Published by xtremelyalberta on 12 May 2008 at 11:28 pm
Living and growing up in the South Eastern parts of Alberta is great, the hunting is good, the fishing is solid and the summers are hot. As you all know, Southern Alberta is know for its mule deer hunting, big bucks and lots of them, but it isn’t easy hunting. Unless you hunt from your vehicle and do the mad dash as the deer cross the roads you almost have to spot your game, and then proceed to stalk.
As a young boy I would always be in the coulees looking for animals to get close to, and as I got older I would sneak my fathers camo and rattling antlers to try and get in that comfort zone of the urbanized deer that roam the prairie of Medicine Hat, Alberta. Now, you must think that wouldn’t be a problem because they are so used to traffic and people etc. but dang it man, it was and still is tough.
The older I got the more and more I wanted to get closer to game, whether it was deer or bear, I wanted to get close and that’s all there was to it. Now, as a mature hunter, I am always so careful when it comes to the stalk because one wrong move and the hunt and possibly an entire day of hunting can and will be lost.
Here are a few basics that do work if used correctly.
The first thing is, you have to be able to spot your game from a comfortable distance; by that I mean comfortable for the game that you are not a threat to your presence. Hunting the south country, is mainly wide open terrain and most think it can be near impossible to get within the 40 yard mark, but that is where you are wrong. When you are dealing with the last forty yards, every step, breathe, and movement is of the utmost importance. But lets start from the beginning.
First things first, your preparation at home can play a big role in your stalk. Most hunters think that when they wash their gear in scent free detergents, and UV Kill their garments that they are good for scent control but they tend to forget that you still have to eat your breakfast, make your lunch and have a cup of java for the drive to the hunting spot.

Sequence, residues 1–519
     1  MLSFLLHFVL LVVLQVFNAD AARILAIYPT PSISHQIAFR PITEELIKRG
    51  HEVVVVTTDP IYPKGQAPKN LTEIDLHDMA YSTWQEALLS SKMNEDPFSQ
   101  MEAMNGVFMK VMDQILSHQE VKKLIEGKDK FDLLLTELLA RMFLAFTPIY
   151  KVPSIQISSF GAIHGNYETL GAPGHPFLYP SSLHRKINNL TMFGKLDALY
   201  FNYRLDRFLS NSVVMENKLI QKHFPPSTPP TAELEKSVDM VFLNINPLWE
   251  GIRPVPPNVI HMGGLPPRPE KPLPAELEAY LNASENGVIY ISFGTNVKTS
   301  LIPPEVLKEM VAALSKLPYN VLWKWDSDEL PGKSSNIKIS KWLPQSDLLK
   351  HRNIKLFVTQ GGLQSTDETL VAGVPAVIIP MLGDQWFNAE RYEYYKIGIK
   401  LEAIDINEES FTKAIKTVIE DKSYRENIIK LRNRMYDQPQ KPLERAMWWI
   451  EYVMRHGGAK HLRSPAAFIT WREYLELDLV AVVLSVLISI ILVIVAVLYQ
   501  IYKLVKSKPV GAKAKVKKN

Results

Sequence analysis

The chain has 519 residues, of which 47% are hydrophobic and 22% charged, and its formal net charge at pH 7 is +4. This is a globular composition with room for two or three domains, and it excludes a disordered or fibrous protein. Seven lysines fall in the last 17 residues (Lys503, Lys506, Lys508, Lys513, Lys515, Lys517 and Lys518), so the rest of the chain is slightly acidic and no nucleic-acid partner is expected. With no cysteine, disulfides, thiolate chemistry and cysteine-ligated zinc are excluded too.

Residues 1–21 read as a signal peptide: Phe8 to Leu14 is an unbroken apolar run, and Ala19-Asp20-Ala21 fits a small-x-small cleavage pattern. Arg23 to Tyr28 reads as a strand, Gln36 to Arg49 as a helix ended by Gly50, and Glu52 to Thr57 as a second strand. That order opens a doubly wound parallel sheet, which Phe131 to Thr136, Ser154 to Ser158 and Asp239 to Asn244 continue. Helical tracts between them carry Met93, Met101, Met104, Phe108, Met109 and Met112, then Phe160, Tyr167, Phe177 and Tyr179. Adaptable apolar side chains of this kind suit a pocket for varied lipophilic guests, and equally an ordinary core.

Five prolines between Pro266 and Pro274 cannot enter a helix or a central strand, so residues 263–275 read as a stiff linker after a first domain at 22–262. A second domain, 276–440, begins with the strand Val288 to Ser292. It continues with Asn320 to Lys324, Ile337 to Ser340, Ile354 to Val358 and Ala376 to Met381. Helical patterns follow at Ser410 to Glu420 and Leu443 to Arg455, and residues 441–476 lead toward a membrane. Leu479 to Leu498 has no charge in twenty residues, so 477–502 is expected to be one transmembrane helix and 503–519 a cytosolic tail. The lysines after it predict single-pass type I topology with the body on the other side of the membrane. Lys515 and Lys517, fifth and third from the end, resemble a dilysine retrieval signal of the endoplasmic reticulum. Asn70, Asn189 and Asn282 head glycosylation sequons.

I have done it before, you get dressed up and ready to make that stalk and you get within the 80 yards and need to close that next 40 and wham! your busted. The nose lifts; the animal sniffs you out and will walk away without even looking at you. Leaving you stunned, wondering what went wrong… you did everything I mentioned before, but forgot about that smoke you had on the way out and the cherry air freshner hanging off of your rear view mirror.
To minimize these problems, when you are done washing your gear, toss it into a scent free duffle bag or even a garbage bag. Invest in a good scent elimination spray and proceed to spray yourself down after you get out of the truck prior to getting dressed. It does take more time, but it will increase your odds by huge numbers. You may also want to scent eliminate your truck with sprays prior to the hunt as well.
When stalking in the open country and through the the timber or brush, camouflage patterns are critical. In open country get a good pattern like Realtrees Advantage Max-1 or Max-4, Mossy Oaks Brush or Montana’s Prairie Ghost. Utilizing patterns like these will increase your chance of getting close..matching tones and shades are the best thing to do. Remember, deer see UV coloring in clothing so with out killing the clothing with a UV killer you will glow a blue or yellow to them while you think you are invisible!
Now you are at your area of choice and spot a couple of good bucks making their way to go bed down, sit tight and wait for them to lie before the stalk. Most times they will be bedded for at least an hour or two which should give you enough time to get close and wait for the shot. Get dressed, scent eliminate yourself, and grab your bow and binoculars and remember to wind check, then begin to move in. Always, move towards the animal down wind. The minute you slip, and get up wind of the game you can almost count the hunt as being over. If you are a fair distance off, it may not bother them but getting in close the wind is everything even if you wear scent elimination gear the wind can bust you. Also, the wind will help muffle any noises you do make on the way in.